Adhara

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Adhara

(ădhâr`ə), bright star in the constellation Canis MajorCanis Major
[Lat.,=greater dog], constellation lying near the celestial equator, SE of Orion. Known as the Large Dog (Canis Minor is the Small Dog), it was associated with the figure of a dog by many cultures; the ancient Greeks identified it as one of Orion's hunting dogs,
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; Bayer designation ε Canis Majoris; 1992 position R.A. 6h58.3m, Dec. −31°54'. A bluish-white giant (spectral class B2 II) with apparent magnitudemagnitude,
in astronomy, measure of the brightness of a star or other celestial object. The stars cataloged by Ptolemy (2d cent. A.D.), all visible with the unaided eye, were ranked on a brightness scale such that the brightest stars were of 1st magnitude and the dimmest stars
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 1.5, it is one of the 25 brightest stars in the sky. Adhara is a visual binary starbinary star
or binary system,
pair of stars that are held together by their mutual gravitational attraction and revolve about their common center of mass. In 1650 Riccioli made the first binary system discovery, that of the middle star in the Big Dipper's handle, Zeta
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 with combined luminosity about 8,000 times that of the sun; its distance is about 700 light-years. The name is from the Arabic meaning "virgin."

Adhara

(ă-day -rah, -dah -) (∊ CMa) A very luminous remote blue-white giant that is the second brightest star in the constellation Canis Major. It is a visual binary star with an 8th-magnitude companion at a fixed separation of 8″. mv : 1.5; Mv : –4.8; spectral type: B2 II; distance: 175 pc.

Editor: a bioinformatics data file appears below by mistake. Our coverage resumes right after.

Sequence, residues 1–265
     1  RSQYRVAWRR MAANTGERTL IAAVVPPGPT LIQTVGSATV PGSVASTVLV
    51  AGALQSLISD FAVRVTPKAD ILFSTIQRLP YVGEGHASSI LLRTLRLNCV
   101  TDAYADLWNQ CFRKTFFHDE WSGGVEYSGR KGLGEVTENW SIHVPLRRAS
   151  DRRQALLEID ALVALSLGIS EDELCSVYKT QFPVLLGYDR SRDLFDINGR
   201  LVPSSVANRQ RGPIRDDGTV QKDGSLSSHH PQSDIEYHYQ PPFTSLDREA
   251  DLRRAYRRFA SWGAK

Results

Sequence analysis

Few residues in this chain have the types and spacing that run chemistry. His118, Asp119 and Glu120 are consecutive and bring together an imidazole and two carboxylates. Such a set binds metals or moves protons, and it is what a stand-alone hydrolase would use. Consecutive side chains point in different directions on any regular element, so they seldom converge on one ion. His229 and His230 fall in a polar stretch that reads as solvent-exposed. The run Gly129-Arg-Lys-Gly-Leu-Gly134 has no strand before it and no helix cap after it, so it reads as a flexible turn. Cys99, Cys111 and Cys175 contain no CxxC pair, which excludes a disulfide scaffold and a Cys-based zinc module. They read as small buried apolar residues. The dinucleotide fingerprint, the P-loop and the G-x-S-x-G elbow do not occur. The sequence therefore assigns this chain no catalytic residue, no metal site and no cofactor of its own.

Adhara

[ə′där·ə]
(astronomy)
A star of spectral type B2II. Also known as ε Canis Majoris.
References in periodicals archive ?
Cassinelli and colleagues at Wisconsin, the University of California at Berkeley, and Oxford University observed the relatively young, hot star Epsilon Canis Majoris in an attempt to uncover the energetic forces that drive stellar winds.
Epsilon Canis Majoris, a star about 600 light-years from Earth in the constellation Canis Major is much hotter than the sun and about 30,000 times as bright, seems to lose mass as atoms are blown off the top of its atmosphere by 600 mile-per-second gales, Cassinelli indicates.
Although Epsilon Canis Majoris appears through ground-based telescopes as a spot of relatively bright blue light, it emits much of its radiation in the form of extreme ultraviolet light.